His alarm sounds from the living room, where he must’ve fallen asleep again. I hear him groan. Two minutes later he shuffles into my office and greets me with this: “I made a mistake on my flight time, so we need to leave in a half hour.”
The morning has been pleasantly quiet and productive. It’s still early.
“I’m all packed so I’ll get in the shower and be ready quickly.”
“That’s fine,” I say.
I put on another pot of coffee. I’ll need to drink fast.
Thirty minutes later we’re in the car and I’m passing him a twenty, which he resists. I say “emergency money” and he rolls his eyes, I fuss and insist, and then he slips the bill into his pocket.
He’s off to the Midwest to meet up with his brother, then on to his father’s house, then his college campus to tend to some business, and eventually the loose itinerary will lead him back home. Come fall, he’ll be headed to college to again, and he won’t return until the holidays.
After his semester abroad last month, he hopped around Europe on the cheap to connect with cousins and grandparents. Hes become a resourceful and experienced traveler. More importantly, he knows the importance of family.
My definition of family values?
Respect, tolerance, understanding, reliability, trust, candor. And humor helps.
Thus far, my sons seem to have learned well.
I glance at the pictures next to me on a bookshelf: my boys as toddlers in holiday sweaters; my boys wrestling on the couch when they were six and seven; my boys in band – one playing flute and the other, trumpet; the three of us together at Christmas when they were both teenagers; a holiday picture taken a year ago of my sons, myself, the man in my life.
Family. To me, it is more important than any writing I will ever labor over, more important than the art I am drawn to and that inspires me, more important than any possession, any accomplishment, any external measure or definition of who I am and what I am worth.
The nuclear family?
We all know that the Norman Rockwell version of domestic bliss is no longer the single standard by which we compare realities. I say this though my own household once resembled the glossy imagery of traditional home: mother, father, two kids and a dog. The scene was picture perfect, or so it appeared from the outside looking in. Naturally, any fissures in the foundation were hidden to the casual observer.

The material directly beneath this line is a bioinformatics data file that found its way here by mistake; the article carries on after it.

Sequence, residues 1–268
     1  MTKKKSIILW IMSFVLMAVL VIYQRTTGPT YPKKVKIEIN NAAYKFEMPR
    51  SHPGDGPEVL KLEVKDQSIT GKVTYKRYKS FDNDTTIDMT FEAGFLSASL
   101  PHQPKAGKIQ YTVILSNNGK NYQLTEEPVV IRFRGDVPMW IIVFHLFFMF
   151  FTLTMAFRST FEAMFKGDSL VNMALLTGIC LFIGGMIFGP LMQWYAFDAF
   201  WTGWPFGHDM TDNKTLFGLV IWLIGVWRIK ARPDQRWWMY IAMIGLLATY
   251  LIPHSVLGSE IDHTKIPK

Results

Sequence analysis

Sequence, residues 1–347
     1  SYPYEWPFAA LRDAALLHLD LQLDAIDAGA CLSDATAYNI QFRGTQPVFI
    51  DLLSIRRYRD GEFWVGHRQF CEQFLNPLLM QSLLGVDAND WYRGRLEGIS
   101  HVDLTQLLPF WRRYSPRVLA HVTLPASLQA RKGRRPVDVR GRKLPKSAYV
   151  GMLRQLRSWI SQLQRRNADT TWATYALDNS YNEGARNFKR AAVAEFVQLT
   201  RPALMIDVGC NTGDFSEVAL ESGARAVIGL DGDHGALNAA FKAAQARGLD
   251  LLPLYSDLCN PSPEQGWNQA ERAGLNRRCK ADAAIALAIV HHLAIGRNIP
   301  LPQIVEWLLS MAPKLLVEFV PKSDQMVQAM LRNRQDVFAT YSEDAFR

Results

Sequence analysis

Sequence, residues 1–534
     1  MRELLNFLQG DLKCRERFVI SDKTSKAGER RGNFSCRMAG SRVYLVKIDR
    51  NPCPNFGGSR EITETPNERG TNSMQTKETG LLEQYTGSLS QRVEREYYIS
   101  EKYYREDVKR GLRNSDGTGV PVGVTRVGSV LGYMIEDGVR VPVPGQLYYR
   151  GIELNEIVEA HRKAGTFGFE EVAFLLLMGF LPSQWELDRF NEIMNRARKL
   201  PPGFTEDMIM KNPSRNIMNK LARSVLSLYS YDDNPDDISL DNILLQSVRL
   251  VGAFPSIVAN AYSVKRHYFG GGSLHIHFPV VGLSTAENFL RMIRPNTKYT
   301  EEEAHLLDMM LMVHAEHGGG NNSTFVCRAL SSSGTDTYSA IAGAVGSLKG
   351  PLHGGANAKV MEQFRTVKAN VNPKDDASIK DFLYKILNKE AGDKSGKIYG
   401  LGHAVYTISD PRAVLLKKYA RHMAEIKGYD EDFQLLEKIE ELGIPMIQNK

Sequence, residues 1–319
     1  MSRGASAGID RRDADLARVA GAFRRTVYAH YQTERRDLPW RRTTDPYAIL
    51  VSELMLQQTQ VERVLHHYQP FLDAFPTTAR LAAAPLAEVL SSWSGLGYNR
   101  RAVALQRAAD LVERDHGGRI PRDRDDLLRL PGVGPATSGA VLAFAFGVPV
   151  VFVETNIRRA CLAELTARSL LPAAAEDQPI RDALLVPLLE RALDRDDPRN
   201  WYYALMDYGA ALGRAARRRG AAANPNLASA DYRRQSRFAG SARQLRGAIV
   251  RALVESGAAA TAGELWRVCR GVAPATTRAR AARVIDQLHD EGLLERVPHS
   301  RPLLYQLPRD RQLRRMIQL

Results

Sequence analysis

Words come to mind: lineage, bloodlines, genealogy. These are important, but family is so much more.
Our notions of 21st century families are more expansive and more fluid, as diverse as our evolving stories: single mothers and single fathers raising children; two mothers and two fathers doing the same; blended step-families in assorted configurations; aunts, uncles, or grandparents with the primary role in child-rearing; happy couples without children, steadfast as a family unit exactly as they are; partnerships that are committed, with or without the legal elements of marriage.
We can debate the pros and cons of this evolution ad nauseum, yet isn’t it the nature of relationships that makes family… family?
What matters most: the quality of love, approval, guidance, honesty; respectful appreciation; our careful words, our meaningful actions.
None of this guarantees that family will not disappoint, cause harm, be derailed.
Then it is up to us to find a way back if we can, or to recreate a new sort of family as it suits us to do so. We refashion our bonds out of necessity and desire in all the tender and essential ways that count: affection, reliance, support, laughter, at times conflict that once resolved, deepens our mutual understanding.
These are the values that shape us, that chase us, and if we are fortunate, that catch us and hold us in their good, strong, open hands, protecting our most fragile, more fierce, most precious familial relationships.
This afternoon I will wait for the text or the call that tells me my son has landed, that he’s with his brother, that they’re off to eat deep dish pizza, off to the museum to make crazy videos for Youtube, off to meet friends and enjoy their time together as they generally do when they can. And my heart is full knowing they care for each other as they grow into men.
They are, after all, family.
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